Home » Rose Zhang erases 3-shot deficit with 4 late birdies to capture second LPGA title; Nelly Korda T-7 in bid for sixth straight – Australian Golf Digest

Rose Zhang erases 3-shot deficit with 4 late birdies to capture second LPGA title; Nelly Korda T-7 in bid for sixth straight – Australian Golf Digest

In a stunning comeback, Rose Zhang won again in the Garden State.

In a back-and-forth affair between Madelene Sagstrom and Zhang over the weekend, the Swede built a three-shot lead with six holes to play at the Cognizant Founders Cup. Zhang, however, came through late with four birdies on the final five holes to punctuate a bogey-free six-under 66 Sunday to capture her second career victory.

“Coming down the stretch,” Zhang said. “I just hit some crazy shots that I don’t know if I could hit again. In that moment of pressure and was able to get it done with that putt on the last hole, I was already shaking over the putt, but I was just thinking, okay, let’s give it a chance. Roll it, if it goes in, fine, if it doesn’t, let’s prepare ourselves for a playoff.”

Nelly Korda, searching for her sixth consecutive victory on the LPGA, shot consecutive 73s on the weekend to fall well off the pace. Still, she tied for seventh place, 17 shots behind Zhang.

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The weekend at Upper Montclair Country Club was a two-horse race. Sagstrom and Zhang co-led after the second round. Sagstrom, 31, held a one-stroke lead at the start of Sunday, with a three-way tie for third place 11 shots behind.

Sagstrom seemingly wrestled control in Clifton, N.J., after the 12th hole. Both reached the 468-yard par 5 in two shots, with the American sitting only 15 feet for eagle. Zhang three-putt for the first time all week, giving another stroke to the seven-year veteran. It was the first time either player held a three-stroke lead during the weekend.

The 20-year-old Zhang responded with birdies on the 14th and 15th to cut Sagstrom’s lead back down to one before they both missed left on the 407-yard par-4 16th. Zhang, from 169 yards out of a bunker, hit a 6-iron to 10 feet below the cup. While Zhang settled for her only par of the closing stretch, the Swede made bogey from behind the green for them to be tied with two to play.

Sagstrom threw all she could at Zhang over the remaining two holes, salvaging par from 30 feet on 17 and hitting her approach on the 18th to inside five feet. Zhang answered both times and made birdies from inside 10 feet on each of the final two holes to seal her victory. Sagstrom missed her short birdie look to close with 69 and at 22 under, ending two strokes shy of her second career title.

“It stings a bit right now,” Sagstrom said. “I felt like I gave myself a lot of good chances today. I played some pretty good golf. Played really good golf in the middle. And then, it’s kind of like everyone. You get nervous and want to hit good shots. I wasn’t really pulling it off. Rose had a fantastic finish. I couldn’t really have done too much more.”

The all-time amateur great has had an up-and-down sophomore season on the LPGA to this point. Zhang only played in one of the LPGA’s first five tournaments because she’s taking classes at Stanford during its winter quarter. She finished her finals in late March. The last two events are the first time Zhang has made back-to-back cuts in 2024.

Zhang pointed out that trying to get into the Olympics, knowing she was on the cusp at the start of the year, and dealing with outside noise of how well she could play since her Mizuho Americas Open win last year led her to deviate from her process-oriented approach.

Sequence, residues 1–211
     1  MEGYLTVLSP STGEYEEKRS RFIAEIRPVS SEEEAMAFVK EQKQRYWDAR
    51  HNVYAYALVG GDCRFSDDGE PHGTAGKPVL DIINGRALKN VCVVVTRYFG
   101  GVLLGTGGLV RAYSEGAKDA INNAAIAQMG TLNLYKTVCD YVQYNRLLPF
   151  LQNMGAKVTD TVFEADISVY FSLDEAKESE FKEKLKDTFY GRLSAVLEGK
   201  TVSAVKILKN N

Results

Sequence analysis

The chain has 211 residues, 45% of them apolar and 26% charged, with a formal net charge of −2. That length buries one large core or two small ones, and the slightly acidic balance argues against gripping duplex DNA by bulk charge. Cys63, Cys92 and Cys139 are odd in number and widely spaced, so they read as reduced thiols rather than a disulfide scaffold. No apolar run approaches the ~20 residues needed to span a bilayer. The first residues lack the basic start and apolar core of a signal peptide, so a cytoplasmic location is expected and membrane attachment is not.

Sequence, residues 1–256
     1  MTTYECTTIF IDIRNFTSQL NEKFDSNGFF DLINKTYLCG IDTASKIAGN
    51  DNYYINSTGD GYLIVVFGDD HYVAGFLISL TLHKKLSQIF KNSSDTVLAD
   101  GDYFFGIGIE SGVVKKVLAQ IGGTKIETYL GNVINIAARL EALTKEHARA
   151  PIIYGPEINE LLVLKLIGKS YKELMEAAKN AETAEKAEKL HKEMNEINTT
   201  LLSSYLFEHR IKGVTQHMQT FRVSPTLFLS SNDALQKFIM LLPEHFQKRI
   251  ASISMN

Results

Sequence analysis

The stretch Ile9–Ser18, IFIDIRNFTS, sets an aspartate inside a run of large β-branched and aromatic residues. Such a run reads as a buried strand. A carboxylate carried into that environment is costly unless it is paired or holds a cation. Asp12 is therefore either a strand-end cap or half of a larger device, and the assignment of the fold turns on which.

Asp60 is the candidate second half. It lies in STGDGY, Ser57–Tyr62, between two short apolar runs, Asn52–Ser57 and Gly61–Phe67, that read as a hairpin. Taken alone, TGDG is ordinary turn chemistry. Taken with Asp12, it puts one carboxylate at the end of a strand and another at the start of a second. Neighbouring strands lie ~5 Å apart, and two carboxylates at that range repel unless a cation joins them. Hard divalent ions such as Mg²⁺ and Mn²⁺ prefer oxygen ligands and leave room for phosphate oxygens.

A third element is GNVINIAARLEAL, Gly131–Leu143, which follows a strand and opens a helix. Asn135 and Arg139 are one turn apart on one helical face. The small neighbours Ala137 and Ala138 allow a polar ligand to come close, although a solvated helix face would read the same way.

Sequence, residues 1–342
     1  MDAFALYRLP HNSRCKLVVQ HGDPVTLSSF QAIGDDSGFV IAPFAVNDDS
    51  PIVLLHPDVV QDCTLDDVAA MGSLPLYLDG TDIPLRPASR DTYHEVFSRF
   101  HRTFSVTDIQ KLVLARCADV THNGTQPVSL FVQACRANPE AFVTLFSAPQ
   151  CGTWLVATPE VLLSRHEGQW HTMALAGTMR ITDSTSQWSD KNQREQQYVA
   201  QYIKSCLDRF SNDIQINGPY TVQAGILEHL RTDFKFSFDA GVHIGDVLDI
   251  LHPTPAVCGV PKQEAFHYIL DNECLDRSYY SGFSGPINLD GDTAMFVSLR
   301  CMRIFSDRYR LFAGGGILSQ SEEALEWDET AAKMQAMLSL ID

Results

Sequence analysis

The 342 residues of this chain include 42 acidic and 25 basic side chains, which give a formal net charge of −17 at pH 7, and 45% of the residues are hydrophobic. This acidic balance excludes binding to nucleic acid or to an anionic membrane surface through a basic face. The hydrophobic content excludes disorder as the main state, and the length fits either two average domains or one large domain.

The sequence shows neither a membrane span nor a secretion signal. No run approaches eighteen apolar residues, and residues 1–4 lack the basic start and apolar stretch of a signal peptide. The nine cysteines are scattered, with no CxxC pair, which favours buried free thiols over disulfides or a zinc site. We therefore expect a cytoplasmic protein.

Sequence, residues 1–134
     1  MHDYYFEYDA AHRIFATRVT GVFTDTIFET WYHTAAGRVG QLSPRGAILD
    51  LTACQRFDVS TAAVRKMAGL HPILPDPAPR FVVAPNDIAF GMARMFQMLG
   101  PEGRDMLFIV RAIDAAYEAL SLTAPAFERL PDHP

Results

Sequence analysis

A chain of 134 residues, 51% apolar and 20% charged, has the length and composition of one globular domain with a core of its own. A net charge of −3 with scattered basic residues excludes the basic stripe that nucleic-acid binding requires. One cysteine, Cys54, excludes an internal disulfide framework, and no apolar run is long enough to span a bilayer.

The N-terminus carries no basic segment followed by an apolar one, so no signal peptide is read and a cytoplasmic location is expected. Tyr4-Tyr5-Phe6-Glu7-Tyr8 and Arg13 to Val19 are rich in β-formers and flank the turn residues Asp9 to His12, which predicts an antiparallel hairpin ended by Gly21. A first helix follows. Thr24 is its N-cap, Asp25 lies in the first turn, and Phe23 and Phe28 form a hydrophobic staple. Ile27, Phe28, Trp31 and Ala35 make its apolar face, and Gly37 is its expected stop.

“Trying to block out everything did tire me out a little bit more,” Zhang said. “I was a little bit more fatigued with being able to practice, and putting in the work when there were a lot of thoughts circulating with how my results are. I think more so I put the most pressure on myself to be able to perform well, and becoming more result-driven definitely doesn’t help anyone, and that becomes a really bad cycle to be in.”

Zhang will now defend her title at Liberty National next week, as the victory this week will move her well up from No. 22 in the world rankings. She needs to be among the top four Americans in the top 15 before the Olympics field is finalized after the KPMG Women’s PGA Championship on June 23. It’s a bunched-up group near 15th place, with Megan Khang (14th), Alison Lee (16th), Allisen Corpuz (19th), and Angel Yin (21st) all contending for the final two spots behind Nelly Korda (first) and Lilia Vu (second).

Sagstrom and Zhang’s runaway performances proved too much for Korda to overcome in her quest for six straight wins. The 13-time winner put herself in contention with a bogey-free 66 Friday to trail by four going into the weekend. But a 73 Saturday put Korda 11 strokes behind Sagstrom’s 54-hole lead, ending any hopes of becoming the first to win six straight in LPGA history. Korda followed with another 73 on Sunday to end up T-7 at seven under par.

The finish falls similarly to how Nancy Lopez (1978) and Annika Sorenstam (2004-05) finished in their quests for six consecutive wins. Lopez finished T-13 at the 1978 Lady Keystone Open, while Sorenstam finished T-12 at the Michelob Ultra Open. Korda settles for tying the LPGA’s all-time record for most consecutive wins with five, starting from the Drive On Championship in January, culminating at the Chevron Championship three weeks ago.

“Maybe now or maybe in 10, 15 years it’ll sink in,” Korda said. “Hopefully someone beats it one day. But just to do that with all the competition out here is super, super rewarding with how much work that I’ve put in. So I think to get a streak like that in any sport in general is amazing with the amount of talent that I feel like every athlete has in their sport.”

This article was originally published on golfdigest.com